Play Live Radio
Next Up:
0:00 0:00
Available On Air Stations
Local Newscast
Hear the latest from the WRKF/WWNO Newsroom.

Land of Confusion: Schools on Dumpsites

It would seem logical: don’t build schools on dump sites.

“We have no law in Louisiana. Other states have it. This simply protects our children when someone proposes to build a school on a piece of land that is formerly used to dump stuff.”

But for two years in a row, New Orleans Representative Joseph Bouie has been unable to get such a law passed. Why? Because of what might happen with the Recovery School District’s rebuilding of Booker T. Washington School.

“The Booker T. Washington facility was originally constructed in the late 1930s on top of what was the Silver City disposal area, which accepted household waste and construction debris,” Ron Bordelon with the Recovery School District explained to House committee members last spring.

“The Recovery School District has spent over $6-million thus far with regard to environmental cleanup,” he said, and went on to warn the proposed law could have financial consequences for the RSD.

“The broad ‘commercial waste site’ language may capture this site, even though it’s been nearly 80 years since it received any debris and had been excavated many times throughout its history.”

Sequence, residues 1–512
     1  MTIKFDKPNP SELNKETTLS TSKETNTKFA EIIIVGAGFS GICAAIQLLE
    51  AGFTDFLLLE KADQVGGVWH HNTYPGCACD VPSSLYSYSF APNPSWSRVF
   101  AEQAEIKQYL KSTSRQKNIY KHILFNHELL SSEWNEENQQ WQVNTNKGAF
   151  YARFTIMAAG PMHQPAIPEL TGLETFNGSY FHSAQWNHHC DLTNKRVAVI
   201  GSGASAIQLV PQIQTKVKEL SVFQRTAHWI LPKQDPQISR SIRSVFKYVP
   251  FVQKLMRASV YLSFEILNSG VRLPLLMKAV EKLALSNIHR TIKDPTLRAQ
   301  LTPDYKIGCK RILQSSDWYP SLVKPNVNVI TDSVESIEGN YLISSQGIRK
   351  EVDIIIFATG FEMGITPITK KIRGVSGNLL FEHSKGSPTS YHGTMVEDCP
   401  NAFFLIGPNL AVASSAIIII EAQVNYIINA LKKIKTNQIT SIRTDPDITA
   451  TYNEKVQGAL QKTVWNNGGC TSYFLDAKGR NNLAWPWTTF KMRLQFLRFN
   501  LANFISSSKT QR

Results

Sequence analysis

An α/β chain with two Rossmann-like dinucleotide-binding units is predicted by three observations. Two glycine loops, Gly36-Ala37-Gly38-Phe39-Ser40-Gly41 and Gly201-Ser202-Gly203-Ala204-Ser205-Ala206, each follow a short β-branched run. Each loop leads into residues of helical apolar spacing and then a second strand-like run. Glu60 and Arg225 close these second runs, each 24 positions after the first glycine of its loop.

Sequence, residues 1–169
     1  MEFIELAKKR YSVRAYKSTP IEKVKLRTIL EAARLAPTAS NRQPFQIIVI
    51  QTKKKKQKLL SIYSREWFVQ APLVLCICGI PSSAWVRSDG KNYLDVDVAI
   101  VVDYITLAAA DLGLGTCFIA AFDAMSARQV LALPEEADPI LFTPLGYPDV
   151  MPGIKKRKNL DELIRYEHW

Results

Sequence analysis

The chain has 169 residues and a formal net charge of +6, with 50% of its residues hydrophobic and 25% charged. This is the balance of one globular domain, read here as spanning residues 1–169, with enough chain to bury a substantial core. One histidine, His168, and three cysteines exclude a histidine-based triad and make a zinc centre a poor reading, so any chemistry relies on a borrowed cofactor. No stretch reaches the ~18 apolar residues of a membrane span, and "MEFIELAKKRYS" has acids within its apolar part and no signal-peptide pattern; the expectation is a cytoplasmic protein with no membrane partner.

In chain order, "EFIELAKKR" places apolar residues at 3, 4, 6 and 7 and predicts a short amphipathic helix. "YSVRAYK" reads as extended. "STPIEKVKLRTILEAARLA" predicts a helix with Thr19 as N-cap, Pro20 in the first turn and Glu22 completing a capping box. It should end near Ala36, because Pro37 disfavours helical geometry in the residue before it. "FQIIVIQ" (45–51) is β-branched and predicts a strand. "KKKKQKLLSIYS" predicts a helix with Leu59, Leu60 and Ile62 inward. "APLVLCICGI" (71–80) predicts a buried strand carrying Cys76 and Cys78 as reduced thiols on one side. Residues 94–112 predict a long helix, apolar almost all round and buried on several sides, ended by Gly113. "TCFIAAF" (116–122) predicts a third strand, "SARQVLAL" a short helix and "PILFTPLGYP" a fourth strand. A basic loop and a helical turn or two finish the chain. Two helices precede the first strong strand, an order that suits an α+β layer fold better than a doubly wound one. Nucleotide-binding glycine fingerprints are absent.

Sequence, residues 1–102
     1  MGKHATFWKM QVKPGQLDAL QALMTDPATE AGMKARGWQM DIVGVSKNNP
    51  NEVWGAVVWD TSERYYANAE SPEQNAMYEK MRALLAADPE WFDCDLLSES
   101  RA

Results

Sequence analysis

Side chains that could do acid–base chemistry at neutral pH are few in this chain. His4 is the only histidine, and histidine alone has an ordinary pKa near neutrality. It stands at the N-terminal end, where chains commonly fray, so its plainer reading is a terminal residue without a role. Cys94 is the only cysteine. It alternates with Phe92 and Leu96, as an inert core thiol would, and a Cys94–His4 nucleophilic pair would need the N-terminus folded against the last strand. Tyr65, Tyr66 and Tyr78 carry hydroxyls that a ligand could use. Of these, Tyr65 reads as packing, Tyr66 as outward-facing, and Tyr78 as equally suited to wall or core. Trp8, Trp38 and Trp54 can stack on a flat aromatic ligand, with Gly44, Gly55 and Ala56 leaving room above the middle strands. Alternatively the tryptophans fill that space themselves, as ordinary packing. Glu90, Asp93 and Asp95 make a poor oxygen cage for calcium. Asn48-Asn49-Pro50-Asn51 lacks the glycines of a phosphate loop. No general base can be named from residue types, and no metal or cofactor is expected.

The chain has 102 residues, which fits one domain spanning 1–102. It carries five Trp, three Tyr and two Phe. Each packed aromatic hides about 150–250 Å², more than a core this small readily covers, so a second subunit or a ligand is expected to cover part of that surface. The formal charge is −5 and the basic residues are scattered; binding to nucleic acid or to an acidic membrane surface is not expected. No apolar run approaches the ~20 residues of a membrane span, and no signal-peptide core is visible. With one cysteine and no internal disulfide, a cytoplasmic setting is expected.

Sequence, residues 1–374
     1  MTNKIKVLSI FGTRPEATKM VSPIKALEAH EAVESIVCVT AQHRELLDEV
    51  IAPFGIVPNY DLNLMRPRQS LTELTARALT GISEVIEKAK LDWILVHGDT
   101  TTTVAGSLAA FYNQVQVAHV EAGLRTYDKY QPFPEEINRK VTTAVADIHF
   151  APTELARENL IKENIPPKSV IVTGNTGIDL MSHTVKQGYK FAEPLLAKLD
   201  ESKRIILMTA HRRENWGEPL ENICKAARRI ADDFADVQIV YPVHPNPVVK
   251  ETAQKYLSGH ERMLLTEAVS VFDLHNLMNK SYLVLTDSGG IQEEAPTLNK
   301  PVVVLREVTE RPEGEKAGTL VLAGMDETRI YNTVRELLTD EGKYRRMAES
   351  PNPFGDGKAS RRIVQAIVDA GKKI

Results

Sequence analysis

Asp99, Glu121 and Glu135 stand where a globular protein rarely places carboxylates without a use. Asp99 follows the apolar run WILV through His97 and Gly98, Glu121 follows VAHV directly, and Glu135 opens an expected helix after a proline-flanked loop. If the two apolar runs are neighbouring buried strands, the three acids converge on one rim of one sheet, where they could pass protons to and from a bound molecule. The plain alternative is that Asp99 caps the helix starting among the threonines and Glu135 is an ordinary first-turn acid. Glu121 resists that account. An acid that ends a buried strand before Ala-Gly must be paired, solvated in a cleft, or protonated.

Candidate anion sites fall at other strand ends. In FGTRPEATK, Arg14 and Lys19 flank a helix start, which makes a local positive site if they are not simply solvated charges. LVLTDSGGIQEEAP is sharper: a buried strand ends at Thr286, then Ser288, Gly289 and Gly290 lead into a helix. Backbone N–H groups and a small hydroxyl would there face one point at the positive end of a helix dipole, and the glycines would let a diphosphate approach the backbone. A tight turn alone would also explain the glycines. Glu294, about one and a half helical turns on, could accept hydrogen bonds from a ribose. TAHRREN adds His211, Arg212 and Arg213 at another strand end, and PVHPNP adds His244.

“Are you saying that your fear is not based on any fear that the project has not met the remediation standards, but that it would be based on the interpretation of the language?” Houma Representative Beryl Amedee asked.

Speaker Pro-Tem Walt Leger remarked, somewhat sarcastically, “Because, you know, when you have the law, then you’re going to have a bunch of lawyers picking the law apart and trying to move the words around. You know how we are.”

The bill was referred to another committee, which was not scheduled to meet again before the end of the legislative session – effectively killing it.

As for “how we are”…Louisiana ranks 11th worst in the nation for overall pollution. Throughout this week we’ll be looking into the reasons why we aren’t more concerned about protecting our state’s air, water, land and people.